Another question of fact, assuming, arguendo, that the letter constitutes a lease, is the contention that in the light of the historical method of the operation of the mines, it was made in the ordinary and usual course of Butte's business and so was within an exception under the Main Corporation Law. This the plaintiff challenges, saying that Butte's ordinary business was mining and not acting as landlord of mining properties. Detailed discussion of the various cases cited by the litigants would serve no purpose as each depends upon its own peculiar facts. The legislation which requires consent of stockholders in the case of sale or lease of assets, substantially the same in most states, was 'not addressed to the ordinary sales by a corporation, nor even to those extraordinary in size, but still in the regular line of its business, * * *.' Matter of Timmis, 200 N.Y. 177, 181-182, 93 N.E. 522, 524. The test applied by the Courts is not the amount involved but the nature of the transaction. Matter of Miglietta (2660 Broadway Corp.), 287 N.Y. 246, 39 N.E.2d 224; 277 Park Ave. Corp. v. New York Central R. Co., 194 Misc. 417, 90 N.Y.S.2d 214, affirmed 275 App.Div. 1028, 91 N.Y.S.2d 838. What in the instance of one corporation may be a sale or lease of all its assets requiring consent of stockholders, may, in the case of another corporation, depending upon its purposes, methods of operation and past history, and the industry practices and pattern, represent usual, normal and ordinary activity which does not require consent. Each case must be determined upon its own facts. The issues in dispute do not permit a 'trial by affidavits'. Arnstein v. Porter, 2 Cir., 154 F.2d 464.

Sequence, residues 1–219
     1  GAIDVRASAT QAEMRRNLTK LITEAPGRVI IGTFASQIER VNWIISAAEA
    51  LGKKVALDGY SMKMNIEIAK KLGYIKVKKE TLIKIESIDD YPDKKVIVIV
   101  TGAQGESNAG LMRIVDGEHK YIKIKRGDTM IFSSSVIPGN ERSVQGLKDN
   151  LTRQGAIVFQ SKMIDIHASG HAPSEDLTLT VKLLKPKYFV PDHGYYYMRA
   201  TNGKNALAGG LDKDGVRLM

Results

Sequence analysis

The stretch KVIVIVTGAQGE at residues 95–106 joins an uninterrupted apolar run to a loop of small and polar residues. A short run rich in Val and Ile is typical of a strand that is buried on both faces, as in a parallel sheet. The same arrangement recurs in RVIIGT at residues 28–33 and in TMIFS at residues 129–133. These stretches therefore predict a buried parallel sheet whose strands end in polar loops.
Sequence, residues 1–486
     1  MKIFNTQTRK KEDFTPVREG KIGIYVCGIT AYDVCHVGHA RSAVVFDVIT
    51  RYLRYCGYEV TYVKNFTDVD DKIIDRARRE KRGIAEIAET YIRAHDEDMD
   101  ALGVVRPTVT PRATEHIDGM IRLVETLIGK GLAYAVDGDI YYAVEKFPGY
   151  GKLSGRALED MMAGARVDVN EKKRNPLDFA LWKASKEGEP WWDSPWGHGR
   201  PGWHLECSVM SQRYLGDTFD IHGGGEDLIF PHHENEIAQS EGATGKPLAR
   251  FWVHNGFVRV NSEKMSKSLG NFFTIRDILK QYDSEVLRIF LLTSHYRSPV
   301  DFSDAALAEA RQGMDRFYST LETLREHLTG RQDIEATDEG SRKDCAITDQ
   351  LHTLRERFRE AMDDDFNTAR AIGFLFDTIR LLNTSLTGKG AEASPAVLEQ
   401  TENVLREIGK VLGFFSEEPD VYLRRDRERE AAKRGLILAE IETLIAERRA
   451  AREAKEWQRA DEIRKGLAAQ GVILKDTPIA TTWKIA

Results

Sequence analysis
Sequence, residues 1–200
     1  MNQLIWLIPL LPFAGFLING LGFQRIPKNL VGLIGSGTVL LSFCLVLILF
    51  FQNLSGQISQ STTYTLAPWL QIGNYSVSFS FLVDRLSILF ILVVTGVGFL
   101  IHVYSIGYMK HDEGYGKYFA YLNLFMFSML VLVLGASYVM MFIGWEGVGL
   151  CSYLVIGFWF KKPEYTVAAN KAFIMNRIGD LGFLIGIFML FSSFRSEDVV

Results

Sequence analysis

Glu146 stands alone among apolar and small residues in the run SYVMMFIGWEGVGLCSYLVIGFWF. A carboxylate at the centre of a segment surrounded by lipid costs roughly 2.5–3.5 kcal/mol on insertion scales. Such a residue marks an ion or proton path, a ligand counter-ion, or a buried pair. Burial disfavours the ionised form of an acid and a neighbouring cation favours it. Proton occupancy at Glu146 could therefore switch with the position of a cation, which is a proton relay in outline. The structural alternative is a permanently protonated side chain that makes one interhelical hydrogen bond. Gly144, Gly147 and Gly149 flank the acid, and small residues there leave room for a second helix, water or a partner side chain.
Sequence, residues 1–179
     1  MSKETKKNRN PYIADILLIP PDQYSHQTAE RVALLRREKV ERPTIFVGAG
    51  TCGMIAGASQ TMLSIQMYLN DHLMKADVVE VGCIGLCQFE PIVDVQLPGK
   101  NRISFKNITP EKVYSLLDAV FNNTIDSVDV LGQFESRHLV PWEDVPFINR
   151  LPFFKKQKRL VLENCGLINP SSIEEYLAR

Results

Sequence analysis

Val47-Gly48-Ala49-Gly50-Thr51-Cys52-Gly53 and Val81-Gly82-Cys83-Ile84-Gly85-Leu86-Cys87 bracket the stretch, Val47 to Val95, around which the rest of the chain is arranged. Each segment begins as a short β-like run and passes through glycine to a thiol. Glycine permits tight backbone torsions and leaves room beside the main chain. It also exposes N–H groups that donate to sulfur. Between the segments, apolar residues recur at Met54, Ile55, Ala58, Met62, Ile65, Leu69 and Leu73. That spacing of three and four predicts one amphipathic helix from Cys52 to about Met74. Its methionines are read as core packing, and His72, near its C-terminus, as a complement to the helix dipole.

The motion is denied in all respects.

 Motion by Butte to Dismiss the Complaint, or Alternatively, for an Order Requiring Plaintiff to Give Security Under Section 61-b of the New York General Corporation Law (Injunction Action)